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Editorial: Visitors center a game changer
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“This is going to change everything,” Kershaw County Chairman Julian Burns told Camden Mayor Alfred Mae Drakeford on Friday.

We often hear that, but this time, with the full plans revealed for what will be called the Camden-Kershaw County Visitors Center, we believe it will actually be true.

As detailed in today’s top story, the city of Camden and Central Carolina Technical College (CCTC), along with numerous other partners in Kershaw County and at the state and national level, plan to break ground sometime this spring on a three-building, truly regional visitors center.

Building “No. 1,” if you will, will be the actual visitors center, filled with exhibits and other information about Camden and Kershaw County’s history, with emphasis on the Revolutionary War period, as well as Native and African-American history. Staff, including CCTC students, will help interpret those exhibits, but, just as importantly, guide them toward visiting sites across the county -- including Elgin, Bethune, Liberty Hill and our other communities -- and beyond. This will tie Camden and Kershaw County to the whole of the Southern Campaign, including the nascent Liberty Trail between Charleston and the Upstate. That staff would also direct them to our shops, restaurants, hotels, parks and other local amenities.

As State Sen. Vincent Sheheen -- the man Kershaw County should most thank for making this dream a reality -- so aptly put it Friday, people interested in the Southern Campaign and the Revolutionary War are “going to have to come here. They’re going to have to check that box.”

The second building will be, primarily, CCTC’s to use, although it will be open to others for a variety of purposes. Essentially, a classroom/meeting/tour facility with a full kitchen, it will be a true multi-purpose facility, something Sheheen said is “desperately needed” here. We wholeheartedly agree.

The third building will be an open-air market, primarily for area residents to use in a variety of ways. There will also be a courtyard nestled between the three buildings and generous parking, including space for tour buses.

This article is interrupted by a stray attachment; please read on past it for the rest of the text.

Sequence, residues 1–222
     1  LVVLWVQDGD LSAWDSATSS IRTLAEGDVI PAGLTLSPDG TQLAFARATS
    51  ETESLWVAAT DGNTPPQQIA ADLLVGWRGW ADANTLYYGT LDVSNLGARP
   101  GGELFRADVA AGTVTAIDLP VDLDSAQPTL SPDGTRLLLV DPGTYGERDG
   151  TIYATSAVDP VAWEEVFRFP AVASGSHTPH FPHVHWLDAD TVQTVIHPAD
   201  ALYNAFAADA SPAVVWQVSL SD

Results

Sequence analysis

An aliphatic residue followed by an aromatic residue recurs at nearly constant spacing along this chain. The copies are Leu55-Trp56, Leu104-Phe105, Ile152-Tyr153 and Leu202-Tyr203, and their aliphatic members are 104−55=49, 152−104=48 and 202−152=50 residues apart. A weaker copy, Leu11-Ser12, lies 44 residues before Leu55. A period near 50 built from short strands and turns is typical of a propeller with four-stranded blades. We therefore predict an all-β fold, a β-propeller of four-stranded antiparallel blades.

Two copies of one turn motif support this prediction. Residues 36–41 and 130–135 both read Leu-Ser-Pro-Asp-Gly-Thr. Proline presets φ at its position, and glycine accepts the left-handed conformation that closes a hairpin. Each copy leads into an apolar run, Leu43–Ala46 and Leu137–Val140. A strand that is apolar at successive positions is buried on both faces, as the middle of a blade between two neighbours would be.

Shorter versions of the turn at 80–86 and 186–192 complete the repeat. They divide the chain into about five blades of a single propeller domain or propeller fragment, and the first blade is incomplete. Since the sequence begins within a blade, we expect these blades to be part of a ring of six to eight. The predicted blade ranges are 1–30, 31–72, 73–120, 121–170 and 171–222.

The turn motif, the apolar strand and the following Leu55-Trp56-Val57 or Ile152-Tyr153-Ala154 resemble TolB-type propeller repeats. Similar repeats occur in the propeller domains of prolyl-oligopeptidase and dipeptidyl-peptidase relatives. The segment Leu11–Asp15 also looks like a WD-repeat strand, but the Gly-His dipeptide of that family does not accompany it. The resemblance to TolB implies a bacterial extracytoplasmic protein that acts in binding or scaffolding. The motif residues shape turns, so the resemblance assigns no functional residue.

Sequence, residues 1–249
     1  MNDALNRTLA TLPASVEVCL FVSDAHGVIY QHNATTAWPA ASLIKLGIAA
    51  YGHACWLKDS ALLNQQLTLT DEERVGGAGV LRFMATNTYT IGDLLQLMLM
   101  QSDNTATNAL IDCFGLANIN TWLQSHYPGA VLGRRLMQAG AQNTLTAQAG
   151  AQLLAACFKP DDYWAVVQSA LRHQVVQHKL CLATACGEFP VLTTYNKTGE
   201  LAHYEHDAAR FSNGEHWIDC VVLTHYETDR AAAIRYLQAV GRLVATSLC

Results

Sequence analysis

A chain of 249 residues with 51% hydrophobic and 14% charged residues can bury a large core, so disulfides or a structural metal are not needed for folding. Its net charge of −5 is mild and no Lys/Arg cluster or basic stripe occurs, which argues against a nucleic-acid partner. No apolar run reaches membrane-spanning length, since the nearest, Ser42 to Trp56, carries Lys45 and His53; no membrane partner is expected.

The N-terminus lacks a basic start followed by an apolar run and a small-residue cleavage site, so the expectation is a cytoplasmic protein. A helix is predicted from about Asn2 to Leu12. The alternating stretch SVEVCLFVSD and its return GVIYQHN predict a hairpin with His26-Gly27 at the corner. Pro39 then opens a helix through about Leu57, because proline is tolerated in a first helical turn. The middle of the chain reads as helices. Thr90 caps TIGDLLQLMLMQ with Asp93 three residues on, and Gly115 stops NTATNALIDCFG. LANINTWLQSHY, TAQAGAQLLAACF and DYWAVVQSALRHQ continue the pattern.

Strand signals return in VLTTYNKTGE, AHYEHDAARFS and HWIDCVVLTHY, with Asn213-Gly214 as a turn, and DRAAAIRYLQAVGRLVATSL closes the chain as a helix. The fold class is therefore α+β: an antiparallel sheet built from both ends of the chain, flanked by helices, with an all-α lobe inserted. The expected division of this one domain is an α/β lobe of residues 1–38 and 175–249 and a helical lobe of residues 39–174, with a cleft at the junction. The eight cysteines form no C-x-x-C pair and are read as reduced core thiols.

The designs for the visitors center and market buildings are based on ones from Camden’s early history. The visitors center will be built to mimic an old tavern from the 1770s that was torn down in 1958; the open-air market will be similar to one at the foot of the Clock Tower when it stood across from the Robert Mills Courthouse. This is perfect, in our opinion, giving visitors a taste of what the rest of Camden and Kershaw County have to offer.

If you get a sense that we are excited, you’re not wrong. Think of what else is happening and has already happened along Broad Street and throughout downtown Camden. During the past few years the area has seen the installation of wayfinding and other signage and the complete renovations of Rhame Arena and Zemp Stadium. The city is poised to take over and refurbish the Robert Mills Courthouse. And, directly across the street from the future visitors center, contractors are preparing the former site of Shirley’s Taxidermy for construction of a nursing/memory care center to be operated by Affinity Living Group.

All of that will, in about a year’s time, will be anchored by the new visitors center. Imagine being a newcomer to the area and getting off I-20 at the very well-lit Exit 98 with its restaurants and hotels. Once you pass the gas station at Black River Road, you are taken back in time over the swampy area of Big Pine Tree Creek.

And then, as the trees suddenly thin out, you are greeted by the Camden-Kershaw County Visitors Center, welcoming you to the city, county and beyond.

So, a huge thank you to Sen. Sheheen for bringing together everyone involved in this massive collaboration. There is no doubt in our minds that this will be a game changer -- and a major one at that -- bringing thousands, perhaps tens of thousands, of visitors to Camden and Kershaw County. These visitors will avail themselves of everything we have to offer.

That could entice even more business and industry to locate here. And who knows -- perhaps visitors will turn into neighbors, coming to love our communities as much as those who live here already do.